Audiobooks vs. Real Books
A few months ago I started a trial subscription to Audible.com and downloaded Atomic Habits by James Clear. I had started reading a hard copy of this book some months before, but never really made much progress on it, as was the case with many of the books I had picked up over the past few years. I would get excited about a book, purchase it, read a few pages, and then the whole process would repeat itself. There are about a half dozen books sitting in my bookshelf waiting to be read.
I started listening to Atomic Habits when I ran and found that there were some things I liked about the audiobook format and others I didn’t.
One thing I didn’t like as much was not having the ability to quickly re-read a sentence or two. Sometimes you just need to pass the info through your brain an extra time or two to grasp what’s being said. With the audiobook you can rewind 15 or 30 seconds for similar effect but it’s not quite the same.
This brings me to the idea that while you’re getting the same info into your brain via audiobook or good old fashioned hard copy, there is something different between the two formats.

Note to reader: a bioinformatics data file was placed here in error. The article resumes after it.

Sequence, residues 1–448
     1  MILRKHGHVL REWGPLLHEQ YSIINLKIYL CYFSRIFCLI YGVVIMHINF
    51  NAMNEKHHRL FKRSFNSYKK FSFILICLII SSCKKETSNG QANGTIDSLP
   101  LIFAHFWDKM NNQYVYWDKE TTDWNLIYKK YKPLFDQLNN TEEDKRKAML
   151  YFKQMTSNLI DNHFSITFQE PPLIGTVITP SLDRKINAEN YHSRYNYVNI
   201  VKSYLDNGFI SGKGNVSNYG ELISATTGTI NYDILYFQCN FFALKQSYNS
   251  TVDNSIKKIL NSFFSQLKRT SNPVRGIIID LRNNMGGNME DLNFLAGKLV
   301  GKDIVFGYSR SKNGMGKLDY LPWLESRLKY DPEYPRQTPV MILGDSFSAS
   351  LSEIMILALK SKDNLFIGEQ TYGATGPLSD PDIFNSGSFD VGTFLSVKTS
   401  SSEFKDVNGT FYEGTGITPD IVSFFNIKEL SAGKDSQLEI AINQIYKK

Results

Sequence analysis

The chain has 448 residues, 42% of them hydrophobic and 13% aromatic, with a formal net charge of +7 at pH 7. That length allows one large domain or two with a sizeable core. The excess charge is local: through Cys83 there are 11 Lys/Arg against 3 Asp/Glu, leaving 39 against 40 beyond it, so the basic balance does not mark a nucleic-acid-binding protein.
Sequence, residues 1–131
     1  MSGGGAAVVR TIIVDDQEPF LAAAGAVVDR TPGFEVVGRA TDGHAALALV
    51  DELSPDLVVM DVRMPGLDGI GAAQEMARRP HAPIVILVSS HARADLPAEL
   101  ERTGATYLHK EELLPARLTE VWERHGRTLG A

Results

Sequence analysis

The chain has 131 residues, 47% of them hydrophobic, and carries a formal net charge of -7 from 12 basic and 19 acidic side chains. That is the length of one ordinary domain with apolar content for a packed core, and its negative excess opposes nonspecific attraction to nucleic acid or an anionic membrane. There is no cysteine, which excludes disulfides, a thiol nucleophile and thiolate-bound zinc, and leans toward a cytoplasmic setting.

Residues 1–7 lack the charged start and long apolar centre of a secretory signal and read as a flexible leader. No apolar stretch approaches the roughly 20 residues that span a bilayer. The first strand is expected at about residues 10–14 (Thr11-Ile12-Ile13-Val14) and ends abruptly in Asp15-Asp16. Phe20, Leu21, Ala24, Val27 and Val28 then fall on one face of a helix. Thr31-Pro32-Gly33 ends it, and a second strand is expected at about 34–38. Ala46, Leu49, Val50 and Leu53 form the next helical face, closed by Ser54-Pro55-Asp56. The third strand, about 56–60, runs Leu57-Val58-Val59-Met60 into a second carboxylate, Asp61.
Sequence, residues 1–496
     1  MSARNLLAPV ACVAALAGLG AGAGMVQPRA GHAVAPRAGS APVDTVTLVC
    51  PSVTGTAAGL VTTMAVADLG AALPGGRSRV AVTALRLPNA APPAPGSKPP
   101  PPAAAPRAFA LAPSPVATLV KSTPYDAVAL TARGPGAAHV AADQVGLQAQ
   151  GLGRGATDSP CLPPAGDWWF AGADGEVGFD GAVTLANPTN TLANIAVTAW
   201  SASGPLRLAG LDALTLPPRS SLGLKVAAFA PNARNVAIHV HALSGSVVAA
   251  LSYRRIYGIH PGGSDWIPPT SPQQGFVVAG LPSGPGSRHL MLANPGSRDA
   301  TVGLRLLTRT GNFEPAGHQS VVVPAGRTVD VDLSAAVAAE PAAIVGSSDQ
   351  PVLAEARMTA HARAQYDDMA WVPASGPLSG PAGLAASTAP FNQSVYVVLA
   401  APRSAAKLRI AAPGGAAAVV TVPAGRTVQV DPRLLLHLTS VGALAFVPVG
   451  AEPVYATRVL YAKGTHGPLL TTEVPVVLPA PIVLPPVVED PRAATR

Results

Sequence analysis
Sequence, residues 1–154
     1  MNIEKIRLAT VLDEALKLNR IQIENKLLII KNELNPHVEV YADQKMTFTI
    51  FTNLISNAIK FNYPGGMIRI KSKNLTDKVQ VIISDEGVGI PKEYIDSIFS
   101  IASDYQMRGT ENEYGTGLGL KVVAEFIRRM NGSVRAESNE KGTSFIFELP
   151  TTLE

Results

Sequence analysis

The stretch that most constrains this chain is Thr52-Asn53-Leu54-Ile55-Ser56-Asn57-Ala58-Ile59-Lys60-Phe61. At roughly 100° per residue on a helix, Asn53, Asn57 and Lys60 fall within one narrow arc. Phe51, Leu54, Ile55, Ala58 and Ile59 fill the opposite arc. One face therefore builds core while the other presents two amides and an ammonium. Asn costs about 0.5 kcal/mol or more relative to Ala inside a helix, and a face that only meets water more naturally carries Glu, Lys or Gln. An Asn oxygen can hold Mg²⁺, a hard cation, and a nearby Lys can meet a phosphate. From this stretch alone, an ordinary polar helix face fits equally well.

Listening to the book is a more passive activity, while reading is active and the experience of each is distinct. The audiobook flows more quickly into my mind, speeding up the process of obtaining the content, but the never-ending flow of the audiobook means that stopping to ponder a passage requires a bit more work to pause and restart the player every time you may want a moment to think.
To that point, “reading” and audiobook takes considerably less time, at least in my case. I plowed through Atomic Habits in a matter of a week or so, listening just while I ran.
All in all, I enjoyed the audiobook experience, and even downloaded another book this month, which I just started this week.
Because of the ability to listen while exercising or driving audiobooks are a huge plus to me. I never seem to make time to actually sit and read a hard copy book, so for now audiobooks are here to stay.